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A Minnesota nursing home has become the first in the country to introduce robots to assist with the care of elderly residents.

A four-foot tall robot called Pepper and a two-foot tall robot called NAO made their debut this week at The Estates of Roseville.

Pepper is programmed with hundreds of jokes to interact with residents and remind them to eat and exercise. It is also programmed to react to their facial expressions and tone of voice. NAO meanwhile is programmed to lead group exercises at the home.

Their arrival is thanks to the work of researchers at the University of Minnesota Duluth. Professor Arshia Khan, whose research focus is on "biomedical and health informatics," programmed the robots to have the technology necessary to help improve care. The robots are equipped to assist residents with their emotional, physical, and cognitive health.

It's anticipated that more robots will be rolled out to other Monarch Healthcare Management care homes in the future, with Khan saying this is a major step in improving the quality of life for elderly people.

“I am extremely excited to be making history with my students by deploying humanoid robots in nursing homes to help care for our elderly,” Khan said in a statement. “This is a major step and the beginning in helping improve the quality of life of elderly and people affected with dementia using humanoid robots.”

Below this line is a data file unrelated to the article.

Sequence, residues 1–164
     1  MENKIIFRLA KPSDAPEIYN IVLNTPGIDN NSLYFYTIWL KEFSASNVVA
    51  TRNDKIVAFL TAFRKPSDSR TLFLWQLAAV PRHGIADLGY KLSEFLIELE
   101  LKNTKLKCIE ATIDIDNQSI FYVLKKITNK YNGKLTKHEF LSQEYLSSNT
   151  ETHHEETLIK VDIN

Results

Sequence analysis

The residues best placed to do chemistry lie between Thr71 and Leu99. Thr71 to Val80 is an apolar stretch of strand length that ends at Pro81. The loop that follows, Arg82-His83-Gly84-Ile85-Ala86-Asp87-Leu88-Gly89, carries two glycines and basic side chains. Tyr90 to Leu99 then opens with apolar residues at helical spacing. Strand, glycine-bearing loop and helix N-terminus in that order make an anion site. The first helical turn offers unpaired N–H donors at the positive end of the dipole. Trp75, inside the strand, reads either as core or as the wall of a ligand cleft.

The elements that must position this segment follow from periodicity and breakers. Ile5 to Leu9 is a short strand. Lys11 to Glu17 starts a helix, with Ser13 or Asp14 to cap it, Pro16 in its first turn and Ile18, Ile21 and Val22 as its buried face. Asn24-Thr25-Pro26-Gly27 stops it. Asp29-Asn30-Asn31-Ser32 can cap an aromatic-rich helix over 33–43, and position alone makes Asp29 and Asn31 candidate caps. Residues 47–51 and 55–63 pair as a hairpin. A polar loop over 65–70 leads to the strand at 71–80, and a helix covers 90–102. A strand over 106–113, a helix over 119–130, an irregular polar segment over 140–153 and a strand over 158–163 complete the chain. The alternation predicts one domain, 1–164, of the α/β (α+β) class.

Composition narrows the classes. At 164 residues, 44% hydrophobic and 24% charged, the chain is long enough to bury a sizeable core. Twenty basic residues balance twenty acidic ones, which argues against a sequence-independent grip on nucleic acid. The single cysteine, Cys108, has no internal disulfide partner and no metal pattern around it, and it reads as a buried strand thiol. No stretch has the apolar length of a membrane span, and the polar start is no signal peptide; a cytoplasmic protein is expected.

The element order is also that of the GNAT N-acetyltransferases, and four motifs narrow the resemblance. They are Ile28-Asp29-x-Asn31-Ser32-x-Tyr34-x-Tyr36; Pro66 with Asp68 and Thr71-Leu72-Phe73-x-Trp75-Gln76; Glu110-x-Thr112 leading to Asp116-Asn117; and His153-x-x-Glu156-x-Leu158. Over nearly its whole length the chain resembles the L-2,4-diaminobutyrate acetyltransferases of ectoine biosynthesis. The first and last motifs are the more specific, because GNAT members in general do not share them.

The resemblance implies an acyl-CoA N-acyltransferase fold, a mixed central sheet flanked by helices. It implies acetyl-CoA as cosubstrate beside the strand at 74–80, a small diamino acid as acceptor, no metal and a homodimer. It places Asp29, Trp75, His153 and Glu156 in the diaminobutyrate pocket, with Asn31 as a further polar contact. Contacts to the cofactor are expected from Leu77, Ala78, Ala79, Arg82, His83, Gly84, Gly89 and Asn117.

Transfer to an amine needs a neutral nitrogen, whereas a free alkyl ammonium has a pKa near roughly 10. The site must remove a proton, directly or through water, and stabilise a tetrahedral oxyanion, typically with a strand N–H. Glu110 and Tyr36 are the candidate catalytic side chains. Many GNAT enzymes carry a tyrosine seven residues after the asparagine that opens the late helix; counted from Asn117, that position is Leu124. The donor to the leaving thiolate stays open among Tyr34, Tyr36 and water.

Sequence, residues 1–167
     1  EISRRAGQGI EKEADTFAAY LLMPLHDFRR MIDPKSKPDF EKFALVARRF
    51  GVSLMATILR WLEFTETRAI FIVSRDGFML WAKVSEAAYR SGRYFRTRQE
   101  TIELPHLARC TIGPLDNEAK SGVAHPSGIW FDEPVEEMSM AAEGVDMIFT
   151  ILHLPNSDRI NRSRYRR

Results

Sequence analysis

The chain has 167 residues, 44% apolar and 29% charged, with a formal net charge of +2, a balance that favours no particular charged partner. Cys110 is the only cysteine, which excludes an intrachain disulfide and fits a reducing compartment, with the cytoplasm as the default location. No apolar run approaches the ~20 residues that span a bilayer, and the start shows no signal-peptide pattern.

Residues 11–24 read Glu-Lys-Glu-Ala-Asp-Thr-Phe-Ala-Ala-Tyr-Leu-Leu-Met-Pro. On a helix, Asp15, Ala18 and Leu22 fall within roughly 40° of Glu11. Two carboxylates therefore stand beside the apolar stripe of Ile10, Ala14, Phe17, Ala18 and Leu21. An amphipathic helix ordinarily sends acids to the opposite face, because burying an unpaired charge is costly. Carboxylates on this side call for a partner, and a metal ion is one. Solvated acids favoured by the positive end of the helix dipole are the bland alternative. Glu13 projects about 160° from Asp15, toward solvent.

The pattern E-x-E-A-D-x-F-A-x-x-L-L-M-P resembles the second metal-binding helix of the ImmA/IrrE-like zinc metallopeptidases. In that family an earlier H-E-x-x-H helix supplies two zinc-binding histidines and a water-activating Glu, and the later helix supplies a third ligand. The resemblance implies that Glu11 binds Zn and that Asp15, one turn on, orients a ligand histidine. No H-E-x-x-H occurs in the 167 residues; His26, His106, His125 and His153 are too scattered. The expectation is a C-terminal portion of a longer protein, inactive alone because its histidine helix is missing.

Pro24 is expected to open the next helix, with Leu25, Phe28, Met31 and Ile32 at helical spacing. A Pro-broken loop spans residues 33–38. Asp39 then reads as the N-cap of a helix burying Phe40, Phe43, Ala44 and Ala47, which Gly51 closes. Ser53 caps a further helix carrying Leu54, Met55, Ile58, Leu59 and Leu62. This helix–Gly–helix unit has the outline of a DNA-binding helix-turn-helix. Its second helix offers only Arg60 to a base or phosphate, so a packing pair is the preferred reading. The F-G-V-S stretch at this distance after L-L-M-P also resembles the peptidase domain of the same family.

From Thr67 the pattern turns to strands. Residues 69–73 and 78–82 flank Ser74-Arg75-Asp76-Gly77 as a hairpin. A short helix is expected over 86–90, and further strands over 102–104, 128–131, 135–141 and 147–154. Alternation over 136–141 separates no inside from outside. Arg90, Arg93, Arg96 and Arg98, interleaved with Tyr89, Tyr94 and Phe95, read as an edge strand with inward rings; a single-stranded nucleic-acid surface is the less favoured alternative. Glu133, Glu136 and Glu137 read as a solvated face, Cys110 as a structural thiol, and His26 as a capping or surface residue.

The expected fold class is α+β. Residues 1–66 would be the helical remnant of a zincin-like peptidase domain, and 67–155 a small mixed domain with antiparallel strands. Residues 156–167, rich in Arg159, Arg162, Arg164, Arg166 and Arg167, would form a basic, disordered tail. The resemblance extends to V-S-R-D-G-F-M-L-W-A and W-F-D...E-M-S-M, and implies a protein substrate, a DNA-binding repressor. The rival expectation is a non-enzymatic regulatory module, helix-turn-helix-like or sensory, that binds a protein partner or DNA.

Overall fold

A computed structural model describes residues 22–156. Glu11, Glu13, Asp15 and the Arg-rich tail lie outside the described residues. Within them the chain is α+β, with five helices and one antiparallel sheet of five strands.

The overall goal of this initiative is to aid the effort in helping people with early stage Alzheimer's disease to stay independent longer. Khan said researchers have been working for years to modify these machines for use in nursing homes, but the pace was especially picked up when the pandemic hit, isolating these residents inside their living spaces. It basically made it a "now or never" moment to make a difference with these robots to help pick back up on social interactions.

According to SoftBank Robotics, Pepper is programmed to know 15 languages. The website says Pepper has been adopted by over 2,000 companies around the world as "an assistant to welcome, inform and guide visitors in an innovative way."

Khan is working alongside graduate students on this project and has given praise for the partnerships that made this creation possible.

“Humanoid robots in helping elderly is the way to move ahead in caring for our elderly,” said Khan. “The growth in elderly population and simultaneous growth in the people affected with dementia, staff shortages and lack of people who can for our elderly is a problem that is growing exponentially. If we don’t look for alternative solutions and think outside the box our elders will suffer. Japan is way ahead of us and it’s time we in US caught up.”

Nursing homes in Japan have been using robots in nursing homes since early 2018.

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